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By David Ronayne

The planet Golga swung round in a wide orbit about its lazy sun, its hazy green terrain clouded by the shimmering induction blanket covering it. Occasionally it flared as small bits of space junk were caught in its protective field; smaller debris boiling away into ions in the planet's upper atmosphere, larger ones catching, tumbling in the field, struggling to break free, occasionally under their own power. One such object hung there now, the interference arcs wrapping around the battered old police box illuminating the sky below. Its owner was not impressed.

General Kolis stepped out of the hoverauto, shrugging off the assistance of the young ensign as he stared up to the fiery web of dissipated Artron energy slowly burning in the sky. He cursed as he stopped to survey the sandy ruins of the old betweener city and equally old communications tower. The aged soldier hobbled over to it, recalling a time when the area would have been crawling with all sorts of lowlifes and second class citizens. He pulled open the rusty door remembering the day of the Departure, the greatest day of social programming this planet had ever seen, perhaps the greatest event in his world's long history of near misses and last minute salvations. He paused to order the troopers out of the dank operations room, before sitting down at the nearest terminal and lifting the receiver of the autolink. Perhaps, with the possible exception of today. The screen before him flared into life, flickering briefly, before consolidating into the concerned shape of a short dark-haired man glaring out at him from under a badly made straw hat.

‘I must apologise Doctor, we bear you no malice, but on no account can we allow you to land on our planet.’ The Time Lord's eyebrows creased into a tired look of bewilderment. The General lent forward in his chair apologetically. ‘We have monitored your activities for many years, and have noted the trail of destruction that follows your path. Our seers predicted that a disaster would befall us on your arrival. We have decided therefore to prevent you from landing.’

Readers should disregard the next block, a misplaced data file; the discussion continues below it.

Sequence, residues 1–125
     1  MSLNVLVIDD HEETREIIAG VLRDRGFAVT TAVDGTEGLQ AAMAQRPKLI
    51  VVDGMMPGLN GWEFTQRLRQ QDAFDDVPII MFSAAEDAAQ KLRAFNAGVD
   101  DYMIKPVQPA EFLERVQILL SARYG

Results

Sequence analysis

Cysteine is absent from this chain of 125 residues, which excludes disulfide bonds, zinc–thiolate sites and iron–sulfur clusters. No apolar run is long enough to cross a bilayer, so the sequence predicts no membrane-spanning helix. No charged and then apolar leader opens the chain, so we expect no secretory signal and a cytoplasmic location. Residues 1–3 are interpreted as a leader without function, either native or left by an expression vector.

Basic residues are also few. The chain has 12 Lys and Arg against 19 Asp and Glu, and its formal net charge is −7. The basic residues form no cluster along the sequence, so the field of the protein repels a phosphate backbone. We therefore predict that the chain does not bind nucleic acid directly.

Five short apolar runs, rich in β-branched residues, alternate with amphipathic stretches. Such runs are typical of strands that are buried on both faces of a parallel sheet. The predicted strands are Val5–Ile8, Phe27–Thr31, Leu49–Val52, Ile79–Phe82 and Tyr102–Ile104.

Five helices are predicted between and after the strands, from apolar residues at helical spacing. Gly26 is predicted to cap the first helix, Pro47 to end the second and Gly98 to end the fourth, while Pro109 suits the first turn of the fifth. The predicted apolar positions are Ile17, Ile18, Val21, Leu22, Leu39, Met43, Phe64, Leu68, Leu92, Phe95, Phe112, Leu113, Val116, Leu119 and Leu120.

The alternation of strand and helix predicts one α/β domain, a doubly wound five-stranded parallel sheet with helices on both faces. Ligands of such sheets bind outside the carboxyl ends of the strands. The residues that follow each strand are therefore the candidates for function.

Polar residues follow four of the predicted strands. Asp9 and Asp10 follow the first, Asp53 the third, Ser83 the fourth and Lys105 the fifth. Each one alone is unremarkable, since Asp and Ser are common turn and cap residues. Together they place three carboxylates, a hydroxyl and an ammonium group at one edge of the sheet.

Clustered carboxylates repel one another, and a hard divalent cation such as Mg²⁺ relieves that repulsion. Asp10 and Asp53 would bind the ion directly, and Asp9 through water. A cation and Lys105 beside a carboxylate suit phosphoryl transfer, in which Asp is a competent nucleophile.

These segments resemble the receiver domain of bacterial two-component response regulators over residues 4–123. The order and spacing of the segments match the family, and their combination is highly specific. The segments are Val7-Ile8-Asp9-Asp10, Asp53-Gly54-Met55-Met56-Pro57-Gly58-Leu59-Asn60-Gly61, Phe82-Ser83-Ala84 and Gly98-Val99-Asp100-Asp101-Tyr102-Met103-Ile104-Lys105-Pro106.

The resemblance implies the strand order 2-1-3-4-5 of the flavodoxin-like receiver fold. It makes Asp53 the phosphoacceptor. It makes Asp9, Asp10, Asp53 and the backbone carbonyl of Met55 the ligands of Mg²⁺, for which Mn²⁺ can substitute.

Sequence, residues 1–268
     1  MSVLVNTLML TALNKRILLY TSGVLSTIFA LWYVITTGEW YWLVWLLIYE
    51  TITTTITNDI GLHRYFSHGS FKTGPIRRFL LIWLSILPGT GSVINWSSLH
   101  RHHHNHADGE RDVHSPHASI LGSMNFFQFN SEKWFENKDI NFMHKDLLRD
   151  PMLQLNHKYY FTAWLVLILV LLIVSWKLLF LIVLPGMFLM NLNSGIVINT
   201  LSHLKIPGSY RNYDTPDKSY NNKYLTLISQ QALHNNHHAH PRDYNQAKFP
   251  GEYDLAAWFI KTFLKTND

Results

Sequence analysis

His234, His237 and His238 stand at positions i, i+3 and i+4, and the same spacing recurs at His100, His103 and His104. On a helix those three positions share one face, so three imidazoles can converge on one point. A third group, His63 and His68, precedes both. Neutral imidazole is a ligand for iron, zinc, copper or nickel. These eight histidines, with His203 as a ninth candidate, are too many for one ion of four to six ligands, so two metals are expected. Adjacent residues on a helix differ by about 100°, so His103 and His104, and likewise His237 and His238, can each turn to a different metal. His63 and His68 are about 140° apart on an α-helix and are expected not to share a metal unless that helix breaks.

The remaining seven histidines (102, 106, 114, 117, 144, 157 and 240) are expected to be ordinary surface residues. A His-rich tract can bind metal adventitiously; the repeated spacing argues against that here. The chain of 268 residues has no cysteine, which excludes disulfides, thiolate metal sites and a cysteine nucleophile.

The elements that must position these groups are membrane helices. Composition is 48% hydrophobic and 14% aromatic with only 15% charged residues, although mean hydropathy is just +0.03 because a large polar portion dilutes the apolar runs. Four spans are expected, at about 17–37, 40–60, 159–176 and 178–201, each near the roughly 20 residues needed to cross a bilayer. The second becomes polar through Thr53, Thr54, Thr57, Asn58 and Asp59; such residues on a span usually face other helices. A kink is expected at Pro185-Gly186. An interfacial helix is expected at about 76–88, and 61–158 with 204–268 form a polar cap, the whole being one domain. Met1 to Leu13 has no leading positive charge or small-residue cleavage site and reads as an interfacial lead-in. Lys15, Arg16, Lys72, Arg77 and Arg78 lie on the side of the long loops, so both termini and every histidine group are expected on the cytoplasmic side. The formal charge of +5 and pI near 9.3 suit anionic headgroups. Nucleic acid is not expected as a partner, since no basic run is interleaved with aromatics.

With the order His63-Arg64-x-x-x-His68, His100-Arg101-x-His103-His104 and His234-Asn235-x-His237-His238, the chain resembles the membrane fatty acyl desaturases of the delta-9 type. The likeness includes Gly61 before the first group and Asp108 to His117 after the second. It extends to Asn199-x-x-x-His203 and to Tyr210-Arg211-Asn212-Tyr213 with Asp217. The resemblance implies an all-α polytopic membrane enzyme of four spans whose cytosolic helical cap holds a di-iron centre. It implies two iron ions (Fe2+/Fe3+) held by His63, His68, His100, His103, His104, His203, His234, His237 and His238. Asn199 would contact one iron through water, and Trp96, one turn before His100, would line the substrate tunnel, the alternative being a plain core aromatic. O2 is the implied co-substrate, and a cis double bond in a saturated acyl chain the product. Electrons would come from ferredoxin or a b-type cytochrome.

The Doctor flinched. ‘What disaster? I could assist in recovery.’

‘You certainly have had a lot of practice,’ the General muttered. The Doctor seemed to crumple on the screen. ‘Our seers predict planet wide devastation, total annihilation. There would be no recovery.’ The General continued, ‘We are not malicious Doctor, we will release you from the field provided you promise not to land, and wipe Golga's spatial coordinates from your ship's navicom.’

The Doctor glared out of the screen at the general bitterly before realising he was trapped and seemed to sag even further as he relented. ‘You have my word as a Time Lord,’ he said reaching forward to delete the relevant files from the TARDIS memory banks.

‘Despite your current estrangement from the other members of your race, that will be acceptable.’ The General nodded, looking into the sad eyes on the screen as the image fragmented, dissolving as the ship dematerialised. He sat for some time, haunted by the image of those ancient eyes, before replacing the dusty receiver, and rising to leave. Coughing, the Golgafrinchian commander left the communications building and watched the skies clear over his planet.

This item appeared in TSV 37 (January 1994).

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